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Practice of Network Security, The: Deployment Strategies for Production Environments

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Practice of Network Security, The: Deployment Strategies for Production Environments


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  • Detailed, start-to-finish case study—Shows how to systematically redesign an insecure enterprise network to protect it against external and internal threats.
    • Gives students a realistic understanding of how network security concepts and tools work together in real networks and organizations.

  • Security analysis, planning, deployment, and management—Shows how to define appropriate security models, translate them into effective, enforceable policies, and then deploy and administer security based on the models and policies that have been defined.
    • Helps students understand all stages of the security project lifecycle, and succeed regardless of the phase or task they are given responsibility for.

  • In-depth coverage of Internet security and firewalls—Covers securing Web/application servers, DNS servers, email servers, and file/print servers.
    • Teaches students how to improve security in organizational environments with ubiquitous connections to the Internet.

  • Up-to-the-minute coverage of wireless security—Includes detailed coverage of the unique security issues associated with wireless LANs and WANs, and the best available solutions.
    • Gives students expertise that is in increasingly high demand, as wireless networks spread rapidly throughout organizations and businesses.

    • In-depth coverage of access control—Systematically reviews techniques for controlling access via authentication, authorization, and accounting.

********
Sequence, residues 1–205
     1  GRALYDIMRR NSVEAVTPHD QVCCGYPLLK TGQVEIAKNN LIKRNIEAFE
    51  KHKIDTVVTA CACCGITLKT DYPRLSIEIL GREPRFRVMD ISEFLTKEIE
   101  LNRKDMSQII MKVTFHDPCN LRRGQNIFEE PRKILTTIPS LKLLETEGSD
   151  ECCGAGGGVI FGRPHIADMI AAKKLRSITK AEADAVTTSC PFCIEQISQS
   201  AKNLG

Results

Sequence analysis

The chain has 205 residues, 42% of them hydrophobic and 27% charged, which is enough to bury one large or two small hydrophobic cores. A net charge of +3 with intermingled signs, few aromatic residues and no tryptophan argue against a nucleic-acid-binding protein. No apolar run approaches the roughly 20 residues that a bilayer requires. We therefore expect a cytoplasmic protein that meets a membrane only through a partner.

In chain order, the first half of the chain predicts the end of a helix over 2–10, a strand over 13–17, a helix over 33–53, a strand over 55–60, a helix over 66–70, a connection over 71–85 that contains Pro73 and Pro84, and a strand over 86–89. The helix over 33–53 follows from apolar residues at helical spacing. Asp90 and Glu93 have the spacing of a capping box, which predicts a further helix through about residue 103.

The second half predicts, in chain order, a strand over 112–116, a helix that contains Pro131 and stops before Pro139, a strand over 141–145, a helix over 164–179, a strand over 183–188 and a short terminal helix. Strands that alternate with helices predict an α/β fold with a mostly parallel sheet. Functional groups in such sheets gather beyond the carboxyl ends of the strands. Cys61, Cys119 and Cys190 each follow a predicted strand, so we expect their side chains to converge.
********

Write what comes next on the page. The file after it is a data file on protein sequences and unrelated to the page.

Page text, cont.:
• Ensure that students know how to provide the basic access control that every secure network is built upon.

  • Intrusion detection and response—Covers the five phases of responding to an attack: detect, isolate, halt, report, and prosecute,
    • Reflects the reality that attacks will be launched against virtually every server or organization, and gives students realistic, practical techniques for responding.

  • Effective day-to-day network security administration—Covers every essential aspect of security administration, monitoring, and logging.
  • Step-by-step coverage of VPNs and remote access—Shows how to provide secure remote access for people wherever they are.
    • Helps students address one of today's most common security challenges: reliable, secure remote access.


  • Copyright 1996
  • Dimensions: 7" x 9-1/2"
  • Pages: 416
  • Edition: 1st
  • Book
  • ISBN-10: 0-13-046223-3
  • ISBN-13: 978-0-13-046223-7

This book is designed to address vulnerabilities in a network at all levels. Hence, it will cover WAN security, router and switch security, wireless network security, server and workstation security, and even remote access security. It covers best practices in major security tasks including developing a security model, monitoring for and logging security breaches, and responding to an attack. Liska also covers where a firewall should be placed in a network, and the purpose of a DMZ. Part 1: Introduction - provides the scope of network security, and helps a network administrator develop a security strategy, including providing numbers for revenue lost because of security incidents. Part 2: The Network - covers LAN and WAN security concerns. The idea is to restrict access into the network and prevent problems that occur in one area of the network from affecting others. Part 3: Firewalls - where to place them and the need for a DMZ. Part 4: Servers and Workstations - covers some of the fundamental problems with securing servers and workstations. Part 5: Monitoring and responding to attacks. It covers monitoring the network, what to look for, how to log information, and what to do if a network is attacked. Part 6: Bringing it all Together - take the network initially deployed, and demonstrate how the network has been better secured.

Sample Content

Online Sample Chapter

Network Security: Understanding Types of Attacks

Table of Contents

1. Defining the Scope.

What is Network Security? What Types of Network Security Are Important? What Is the Cost of Lax Security Policies? Where Is the Network Vulnerable? The Network. Summary.